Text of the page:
Discussion

Given the relationship between nicotine dependence and mood disorders and that smoking often begins in adolescence, this study assessed the short- and long-lasting effects of nicotine exposure on behavioral reactivity to various emotion-eliciting stimuli in male rats. Our results demonstrate that exposure to nicotine during adolescence — but not during adulthood — leads to a depression-like state manifested in decreased sensitivity to natural reward, and enhanced sensitivity to stress- and anxiety-eliciting situations later in life. Our data show that behavioral dysregulation can emerge after 1-week of nicotine cessation, and that a single day of nicotine exposure during adolescence can be sufficient to precipitate a depression-like state in adulthood. Furthermore, we demonstrate that these nicotine-induced deficits can be rescued by subsequent nicotine or antidepressant treatment in adulthood. Together, these data suggest that nicotine exposure during adolescence results in a negative emotional state characterized by anhedonia (an inability to experience naturally rewarding and exciting stimuli), and heightened sensitivity to the adverse effects of stress.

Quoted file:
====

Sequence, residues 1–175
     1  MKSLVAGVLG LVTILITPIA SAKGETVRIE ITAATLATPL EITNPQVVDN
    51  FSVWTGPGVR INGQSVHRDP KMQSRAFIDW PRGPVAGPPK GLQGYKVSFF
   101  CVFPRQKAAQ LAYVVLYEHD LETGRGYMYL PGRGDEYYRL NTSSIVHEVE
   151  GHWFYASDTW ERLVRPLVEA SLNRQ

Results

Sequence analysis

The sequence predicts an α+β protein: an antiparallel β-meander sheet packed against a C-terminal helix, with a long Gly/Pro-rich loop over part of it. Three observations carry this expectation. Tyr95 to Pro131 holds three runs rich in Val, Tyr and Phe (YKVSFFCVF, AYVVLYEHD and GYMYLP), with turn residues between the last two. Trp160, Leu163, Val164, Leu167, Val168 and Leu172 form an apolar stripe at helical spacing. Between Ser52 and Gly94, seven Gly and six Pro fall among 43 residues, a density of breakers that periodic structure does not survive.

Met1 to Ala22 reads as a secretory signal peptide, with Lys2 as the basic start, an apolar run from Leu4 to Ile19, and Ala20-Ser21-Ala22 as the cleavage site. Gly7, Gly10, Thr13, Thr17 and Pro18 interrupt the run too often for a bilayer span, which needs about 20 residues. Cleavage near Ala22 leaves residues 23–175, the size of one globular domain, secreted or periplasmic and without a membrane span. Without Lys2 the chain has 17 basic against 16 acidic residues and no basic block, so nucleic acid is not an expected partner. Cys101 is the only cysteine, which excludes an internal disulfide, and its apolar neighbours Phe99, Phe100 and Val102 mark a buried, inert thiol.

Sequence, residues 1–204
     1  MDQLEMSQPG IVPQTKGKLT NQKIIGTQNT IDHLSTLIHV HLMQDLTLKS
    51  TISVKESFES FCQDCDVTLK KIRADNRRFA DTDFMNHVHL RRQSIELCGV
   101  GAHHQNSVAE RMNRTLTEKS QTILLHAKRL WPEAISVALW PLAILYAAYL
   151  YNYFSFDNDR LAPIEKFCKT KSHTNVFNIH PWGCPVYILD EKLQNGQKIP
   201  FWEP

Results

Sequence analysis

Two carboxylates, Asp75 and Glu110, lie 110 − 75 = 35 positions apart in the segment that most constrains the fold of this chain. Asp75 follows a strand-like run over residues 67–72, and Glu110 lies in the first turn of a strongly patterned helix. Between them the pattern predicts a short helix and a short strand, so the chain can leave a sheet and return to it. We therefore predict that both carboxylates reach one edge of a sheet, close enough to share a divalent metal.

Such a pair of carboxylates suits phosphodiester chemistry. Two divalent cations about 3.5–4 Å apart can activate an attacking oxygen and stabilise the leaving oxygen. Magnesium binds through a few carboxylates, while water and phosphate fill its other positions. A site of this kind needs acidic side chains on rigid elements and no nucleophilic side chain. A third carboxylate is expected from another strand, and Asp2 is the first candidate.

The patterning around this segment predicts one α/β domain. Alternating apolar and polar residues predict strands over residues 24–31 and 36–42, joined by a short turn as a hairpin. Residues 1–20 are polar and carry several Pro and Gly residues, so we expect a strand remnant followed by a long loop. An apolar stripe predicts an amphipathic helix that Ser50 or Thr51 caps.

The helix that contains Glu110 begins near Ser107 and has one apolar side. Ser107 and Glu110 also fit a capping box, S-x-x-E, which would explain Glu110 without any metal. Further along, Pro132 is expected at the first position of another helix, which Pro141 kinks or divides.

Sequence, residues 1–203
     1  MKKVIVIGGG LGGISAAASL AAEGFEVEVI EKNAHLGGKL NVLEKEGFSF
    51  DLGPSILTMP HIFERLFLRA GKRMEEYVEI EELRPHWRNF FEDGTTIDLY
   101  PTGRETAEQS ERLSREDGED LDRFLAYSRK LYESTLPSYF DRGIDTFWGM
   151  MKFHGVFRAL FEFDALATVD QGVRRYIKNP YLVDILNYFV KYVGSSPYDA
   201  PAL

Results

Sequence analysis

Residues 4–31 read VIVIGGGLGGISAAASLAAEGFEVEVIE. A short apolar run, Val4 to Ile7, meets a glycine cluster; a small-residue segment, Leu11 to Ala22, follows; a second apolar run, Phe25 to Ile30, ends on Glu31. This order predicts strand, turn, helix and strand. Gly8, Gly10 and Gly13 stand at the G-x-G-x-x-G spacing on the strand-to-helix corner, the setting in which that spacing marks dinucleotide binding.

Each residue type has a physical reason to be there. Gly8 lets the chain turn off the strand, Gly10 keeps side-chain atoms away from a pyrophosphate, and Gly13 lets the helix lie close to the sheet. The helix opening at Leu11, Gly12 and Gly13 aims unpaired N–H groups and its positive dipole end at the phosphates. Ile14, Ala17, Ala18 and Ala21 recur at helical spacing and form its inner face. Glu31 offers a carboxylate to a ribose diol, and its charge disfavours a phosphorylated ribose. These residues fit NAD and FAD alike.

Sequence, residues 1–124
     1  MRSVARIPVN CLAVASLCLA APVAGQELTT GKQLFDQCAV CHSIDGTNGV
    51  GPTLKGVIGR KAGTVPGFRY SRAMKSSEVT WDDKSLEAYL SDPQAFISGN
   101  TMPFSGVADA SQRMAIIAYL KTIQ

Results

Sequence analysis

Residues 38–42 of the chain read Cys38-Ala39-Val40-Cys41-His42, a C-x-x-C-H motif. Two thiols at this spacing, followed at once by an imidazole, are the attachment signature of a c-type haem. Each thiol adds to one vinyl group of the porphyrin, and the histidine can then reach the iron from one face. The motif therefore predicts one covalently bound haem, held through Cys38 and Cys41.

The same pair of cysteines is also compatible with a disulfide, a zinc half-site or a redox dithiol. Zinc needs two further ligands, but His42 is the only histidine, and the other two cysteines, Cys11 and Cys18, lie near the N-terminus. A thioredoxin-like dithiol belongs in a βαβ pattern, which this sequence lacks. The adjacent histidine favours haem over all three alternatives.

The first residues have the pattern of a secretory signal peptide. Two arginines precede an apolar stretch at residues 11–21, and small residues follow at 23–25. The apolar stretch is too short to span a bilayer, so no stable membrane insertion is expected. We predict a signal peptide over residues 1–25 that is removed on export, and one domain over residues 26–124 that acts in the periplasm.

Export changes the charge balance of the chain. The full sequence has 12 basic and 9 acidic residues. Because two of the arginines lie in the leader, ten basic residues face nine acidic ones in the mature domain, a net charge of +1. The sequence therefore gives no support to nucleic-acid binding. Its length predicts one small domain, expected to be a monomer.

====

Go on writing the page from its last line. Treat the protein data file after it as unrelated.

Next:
Exposure to nicotine during adolescence resulted in significant decreases in rats’ normal sensitivity to the rewarding properties of sucrose (a natural reward) in adulthood. Deficits in sucrose preference were not present in adolescents tested 24 h following nicotine, nor in rats exposed as adults. Although nicotine significantly decreased adolescents’ bodyweight during treatment and could have influenced sucrose consumption, this is not likely the case because bodyweight between the groups did not differ when tested in adulthood (Fig. 1A; inset). In addition, if bodyweight had influenced consumption, this would have resulted in decreased sucrose preference in the short-term adolescent group because their bodyweight was significantly lower than controls. Thus, the decrease in sucrose preference is likely due to nicotine’s ability to alter responsiveness to the rewarding effects of the solution, because the overall liquid intake during testing did not differ between the groups. Brain reward pathways, such as the NAc and its dopaminergic input from the VTA, are crucial in regulating responses to both natural and drug rewards (Kelley and Berridge, 2002; Koob and Le Moal, 2008). Exposure to sweet solutions activates this system increasing dopamine in the NAc, while disruptions in the functioning of these pathways decrease preference for sucrose and other reward-related stimuli (Hajnal and Norgren, 2001; Kelley et al, 2002; Shimura et al, 2002). These results are consistent with others indicating that exposure to nicotine, as well as other psychostimulants such as methylphenidate early in life, leads to long-lasting neural alterations resulting in decreased interest in natural rewards (i.e., anhedonia) in adulthood (Bolaños et al, 2003; Bolaños et al, 2008; Franke et al, 2008; Mague et al, 2005). It must be noted, however, that the effect size of nicotine on sucrose preference, though statistically significant, is small, and that nicotine did not influence total sucrose intake (Fig. 4C, right panel). In addition, others have not detected differences in sucrose preference after adolescent exposure to nicotine (Slawecki and Ehlers, 2002). In the previous study, the authors administered nicotine (7.0 mg/kg/day) via transdermal patches for a relatively short period (5 days), and tested rats on a 2% sucrose solution, whereas in this study we used a longer treatment regimen (15 days) that included twice-daily injections of 0.32 mg/kg nicotine, and tested with a 1% sucrose concentration. In addition, we exposed rats between PD30–44, whereas in the previous study rats were exposed to nicotine between PD35-40. Thus, it is conceivable that differences in treatment duration and drug dosage, as well as sucrose concentration, may account for the discrepancies between the studies. Alternatively, other physiological factors such as changes in metabolism, taste sensation, and kidney function induced by nicotine exposure during adolescence as potential mediators influencing sucrose consumption cannot be ruled out.